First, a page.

Ideally we’re looking at a contrast ratio of at least:
- 4.5:1 for small text (smaller than 24px, or 19px if bold)
- 3:1 for large text (larger than 24px, or 19px if bold) and components (like a text input field) and graphic elements (like an icon)
For AAA a minimum of:
- 7:1 for small text (smaller than 24px, or 19px if bold)
- 4.5:1 for large text (larger than 24px, or 19px if bold) and components (like a text input field) and graphic elements (like an icon)
You can test it out different colour schemes here at Web Aim.
Define focus styles
When using keyboard-only or a similar device it helps to know which area of the page you’re on and that you can interact with it. The default method the browser uses is for the most part, less clear than it should be.
Be sure that the focus is clearly visible. You can do this by adding something, like an outline, or perhaps you can alter the colour of part of the component. Also check the colour contrast of the focus state when implementing into your design.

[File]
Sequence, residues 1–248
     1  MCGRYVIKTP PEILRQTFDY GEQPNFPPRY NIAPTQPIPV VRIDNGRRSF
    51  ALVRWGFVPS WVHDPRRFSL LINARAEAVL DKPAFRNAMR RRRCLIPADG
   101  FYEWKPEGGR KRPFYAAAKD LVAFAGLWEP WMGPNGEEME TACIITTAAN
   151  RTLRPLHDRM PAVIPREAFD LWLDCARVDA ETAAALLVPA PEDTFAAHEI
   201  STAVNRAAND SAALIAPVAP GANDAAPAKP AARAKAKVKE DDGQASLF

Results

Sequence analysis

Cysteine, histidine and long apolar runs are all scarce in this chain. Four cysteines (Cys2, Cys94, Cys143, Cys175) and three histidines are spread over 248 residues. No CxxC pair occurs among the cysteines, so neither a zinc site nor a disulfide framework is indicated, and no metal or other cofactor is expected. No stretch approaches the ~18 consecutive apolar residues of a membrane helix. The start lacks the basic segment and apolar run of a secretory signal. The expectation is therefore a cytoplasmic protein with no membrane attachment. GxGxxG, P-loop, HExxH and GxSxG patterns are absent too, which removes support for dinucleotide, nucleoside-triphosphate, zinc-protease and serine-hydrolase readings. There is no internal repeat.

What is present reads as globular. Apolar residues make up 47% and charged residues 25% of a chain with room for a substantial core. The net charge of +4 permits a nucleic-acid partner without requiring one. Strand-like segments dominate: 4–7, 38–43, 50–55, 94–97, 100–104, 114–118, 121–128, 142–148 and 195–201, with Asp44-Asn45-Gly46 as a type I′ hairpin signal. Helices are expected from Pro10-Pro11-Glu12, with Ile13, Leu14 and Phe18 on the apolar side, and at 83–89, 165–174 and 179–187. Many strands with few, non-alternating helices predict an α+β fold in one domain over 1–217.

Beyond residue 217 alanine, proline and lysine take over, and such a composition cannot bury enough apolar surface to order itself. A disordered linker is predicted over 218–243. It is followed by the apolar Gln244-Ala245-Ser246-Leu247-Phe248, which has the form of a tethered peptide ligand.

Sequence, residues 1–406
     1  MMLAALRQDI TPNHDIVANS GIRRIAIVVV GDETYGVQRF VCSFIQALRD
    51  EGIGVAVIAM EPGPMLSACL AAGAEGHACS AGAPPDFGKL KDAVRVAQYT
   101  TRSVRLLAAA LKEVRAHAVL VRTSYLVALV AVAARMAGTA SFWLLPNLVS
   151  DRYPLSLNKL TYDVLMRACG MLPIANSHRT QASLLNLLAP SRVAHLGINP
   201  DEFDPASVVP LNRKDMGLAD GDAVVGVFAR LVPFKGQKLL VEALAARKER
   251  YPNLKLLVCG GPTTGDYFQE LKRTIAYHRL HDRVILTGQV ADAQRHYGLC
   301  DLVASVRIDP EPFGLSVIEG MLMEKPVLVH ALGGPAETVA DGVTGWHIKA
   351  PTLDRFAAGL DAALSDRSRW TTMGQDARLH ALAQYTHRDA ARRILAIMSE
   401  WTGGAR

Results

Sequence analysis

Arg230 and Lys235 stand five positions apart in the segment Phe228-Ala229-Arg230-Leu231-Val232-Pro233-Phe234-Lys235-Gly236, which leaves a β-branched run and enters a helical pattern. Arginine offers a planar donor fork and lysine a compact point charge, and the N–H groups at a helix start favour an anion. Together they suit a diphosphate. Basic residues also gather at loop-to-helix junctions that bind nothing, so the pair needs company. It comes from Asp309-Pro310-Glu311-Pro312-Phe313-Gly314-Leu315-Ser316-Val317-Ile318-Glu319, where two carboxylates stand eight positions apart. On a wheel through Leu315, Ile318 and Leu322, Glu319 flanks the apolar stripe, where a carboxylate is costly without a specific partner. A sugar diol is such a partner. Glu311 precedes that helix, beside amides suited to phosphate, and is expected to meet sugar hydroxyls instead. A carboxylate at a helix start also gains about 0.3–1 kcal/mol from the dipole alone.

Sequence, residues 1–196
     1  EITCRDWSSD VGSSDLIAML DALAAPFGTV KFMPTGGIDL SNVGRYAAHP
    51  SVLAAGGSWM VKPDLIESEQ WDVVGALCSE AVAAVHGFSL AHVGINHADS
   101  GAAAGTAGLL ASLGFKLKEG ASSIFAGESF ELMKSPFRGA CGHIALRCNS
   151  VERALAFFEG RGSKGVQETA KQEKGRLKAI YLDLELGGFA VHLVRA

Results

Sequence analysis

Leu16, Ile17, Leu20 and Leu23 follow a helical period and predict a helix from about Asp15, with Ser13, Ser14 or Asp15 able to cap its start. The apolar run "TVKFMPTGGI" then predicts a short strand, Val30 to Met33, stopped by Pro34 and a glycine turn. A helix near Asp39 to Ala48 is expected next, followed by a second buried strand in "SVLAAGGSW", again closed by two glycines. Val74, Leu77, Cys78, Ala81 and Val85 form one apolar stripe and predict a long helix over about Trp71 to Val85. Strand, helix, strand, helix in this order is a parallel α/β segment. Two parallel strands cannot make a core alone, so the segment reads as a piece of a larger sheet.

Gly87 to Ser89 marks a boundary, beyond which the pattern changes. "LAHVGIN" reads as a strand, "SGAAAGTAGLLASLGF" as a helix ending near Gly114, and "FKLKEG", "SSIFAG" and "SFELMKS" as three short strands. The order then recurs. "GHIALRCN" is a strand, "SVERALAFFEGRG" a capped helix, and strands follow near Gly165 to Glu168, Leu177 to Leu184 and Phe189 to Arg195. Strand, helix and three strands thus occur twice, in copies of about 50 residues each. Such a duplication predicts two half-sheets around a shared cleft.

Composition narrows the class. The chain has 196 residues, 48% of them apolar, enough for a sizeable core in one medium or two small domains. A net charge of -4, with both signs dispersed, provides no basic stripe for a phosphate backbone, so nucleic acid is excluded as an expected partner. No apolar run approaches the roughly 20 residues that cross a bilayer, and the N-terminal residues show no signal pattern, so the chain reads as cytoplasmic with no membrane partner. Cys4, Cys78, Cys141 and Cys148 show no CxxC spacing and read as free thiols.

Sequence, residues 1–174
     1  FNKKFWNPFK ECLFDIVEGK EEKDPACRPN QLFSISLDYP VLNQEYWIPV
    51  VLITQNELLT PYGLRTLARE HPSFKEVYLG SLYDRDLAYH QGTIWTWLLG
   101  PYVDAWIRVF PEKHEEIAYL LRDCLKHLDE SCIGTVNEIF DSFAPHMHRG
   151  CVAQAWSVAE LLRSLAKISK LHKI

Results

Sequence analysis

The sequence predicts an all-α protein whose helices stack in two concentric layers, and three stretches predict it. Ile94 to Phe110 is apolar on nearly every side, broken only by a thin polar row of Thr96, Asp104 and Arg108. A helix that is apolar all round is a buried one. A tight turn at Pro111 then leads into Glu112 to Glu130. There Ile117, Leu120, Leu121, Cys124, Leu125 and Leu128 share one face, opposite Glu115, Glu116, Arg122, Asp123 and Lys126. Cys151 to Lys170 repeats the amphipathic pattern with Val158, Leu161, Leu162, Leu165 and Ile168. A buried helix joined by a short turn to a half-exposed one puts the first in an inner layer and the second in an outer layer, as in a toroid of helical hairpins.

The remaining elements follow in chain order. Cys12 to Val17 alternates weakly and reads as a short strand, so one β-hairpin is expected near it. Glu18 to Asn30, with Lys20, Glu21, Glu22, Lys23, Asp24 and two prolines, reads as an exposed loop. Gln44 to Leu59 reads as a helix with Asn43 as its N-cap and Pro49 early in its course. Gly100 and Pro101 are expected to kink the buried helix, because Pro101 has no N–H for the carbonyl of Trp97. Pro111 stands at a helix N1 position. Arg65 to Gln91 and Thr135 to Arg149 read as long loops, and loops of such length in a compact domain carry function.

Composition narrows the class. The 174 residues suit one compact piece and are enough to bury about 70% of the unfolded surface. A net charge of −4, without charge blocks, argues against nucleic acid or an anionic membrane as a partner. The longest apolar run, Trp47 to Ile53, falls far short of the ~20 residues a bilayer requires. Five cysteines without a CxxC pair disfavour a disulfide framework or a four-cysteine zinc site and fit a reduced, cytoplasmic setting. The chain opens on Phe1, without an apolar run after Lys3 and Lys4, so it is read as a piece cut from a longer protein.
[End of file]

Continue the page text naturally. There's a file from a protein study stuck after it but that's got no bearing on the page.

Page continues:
Discuss with your team about adding new components
If you have an idea for a new component to add your design guidelines, be sure to test existing ones to confirm there is a need for a new component. Discuss with your team whether you have enough suitable evidence a new component is required based on user needs. You’ll want ask these questions. Is the component accessible to your audience? Can you test the component from a usability and accessibility stand point? Is the component maintainable and upgrad-able? What have you learnt from your research?
Clear link and form control names